Take the 2-minute tour ×
Stack Overflow is a question and answer site for professional and enthusiast programmers. It's 100% free, no registration required.

My code is here

$query = "SELECT * FROM `table`";
$result = mysql_query($query);
 $arr = array();
 while($info = mysql_fetch_array($result)) {

 if (!in_array($info['row'], $arr)) {
 $arr[] = $info['row'];
 }
 }

foreach ($arr as $v) {
 $pass = "pass";
$query2 = "UPDATE `table` SET pass = '$pass'  WHERE row = '$v'";
$result2 = mysql_query($query2);
}

it processes for 2 minutes and nothing happens in db. where could i be wrong ?

Thanks

EDIT: OK i found my mistake. It was about the code that i wrote for generating random pass which i didnt include in my question. thanks everybody thou

share|improve this question
    
I've seen "mysql gone away" when dealing with large data set. Not sure in this case but what happen when trying with smaller like "select column1 from tableName"? Also if you can put some logging to narrow down the problem. Maybe run the first query and make sure it runs fine then try second query instead of doing them in one shot? –  masato-san Sep 21 '10 at 22:42
    
Your code has no obvious errors. Try printing out the first query and stopping the script. Then paste that SQL code in your database interface. Does it work? –  vassilis Sep 21 '10 at 22:45
    
when i print_r the array (after first while loop) it prints well without any problem but the problem is in updating. i will try uptading only the first row now –  RULE101 Sep 21 '10 at 22:56

1 Answer 1

up vote 1 down vote accepted

One possibility is that you're running out of memory: by storing all of the rows in an array, you'll need a lot of memory before you even get to the update part - in that case, that fully explains why you see no changes; the script never gets to that part.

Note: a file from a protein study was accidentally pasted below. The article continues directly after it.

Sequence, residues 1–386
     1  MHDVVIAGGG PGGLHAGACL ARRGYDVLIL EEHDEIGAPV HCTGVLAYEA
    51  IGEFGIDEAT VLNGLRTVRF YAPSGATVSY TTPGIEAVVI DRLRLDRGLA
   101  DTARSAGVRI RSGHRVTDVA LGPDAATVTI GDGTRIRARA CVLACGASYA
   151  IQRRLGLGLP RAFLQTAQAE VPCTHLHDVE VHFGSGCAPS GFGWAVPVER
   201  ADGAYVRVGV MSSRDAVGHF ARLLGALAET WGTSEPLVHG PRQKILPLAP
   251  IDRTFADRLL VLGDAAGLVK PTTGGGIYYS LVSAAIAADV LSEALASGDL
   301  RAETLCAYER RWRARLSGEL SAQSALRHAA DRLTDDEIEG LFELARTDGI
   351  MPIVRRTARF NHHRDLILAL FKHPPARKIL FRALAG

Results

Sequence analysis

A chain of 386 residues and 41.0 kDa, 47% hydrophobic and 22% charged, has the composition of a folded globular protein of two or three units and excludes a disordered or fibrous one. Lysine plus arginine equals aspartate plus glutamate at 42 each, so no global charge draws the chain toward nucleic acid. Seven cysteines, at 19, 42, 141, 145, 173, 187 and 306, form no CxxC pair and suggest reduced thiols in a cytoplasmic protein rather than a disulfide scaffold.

Another possibility is that your script runs for too long and is stopped. Depending on your server configuration, set_time_limit may be an option in that case.

However, the effect of the script you're showing us here is the exact same as this single query:

UPDATE `table` SET pass = 'pass'

since you have no conditions on the rows in the select, and the only filtering you do is to not store multiple rows with the same value in the row column - but when you get to the update pass, you're identifying each row via the row column, meaning it will update all rows with the same value in the row column. If row values are unique for each row, then there's no need to check if you've already seen the row; if it's not unique, then you need a different criteria when updating.

If you run the update directly, PHP will not need to use a ton of memory and MySQL will not have to search for each individual row during the update; it can just iterate through them all in one go. Unless you're leaving something out here, you'll be much better off just doing that one simple query.

share|improve this answer
    
first loop works well i can print_r the array with 8000 records. values are not unique, that "pass" is randomly generated numbers (i didnt write the code here) and i wanted to update rows with the same data by giving each that pass var. i will check that time limit gonna put set_time_limit(0); –  RULE101 Sep 21 '10 at 23:05

Your Answer

 
discard

By posting your answer, you agree to the privacy policy and terms of service.

Not the answer you're looking for? Browse other questions tagged or ask your own question.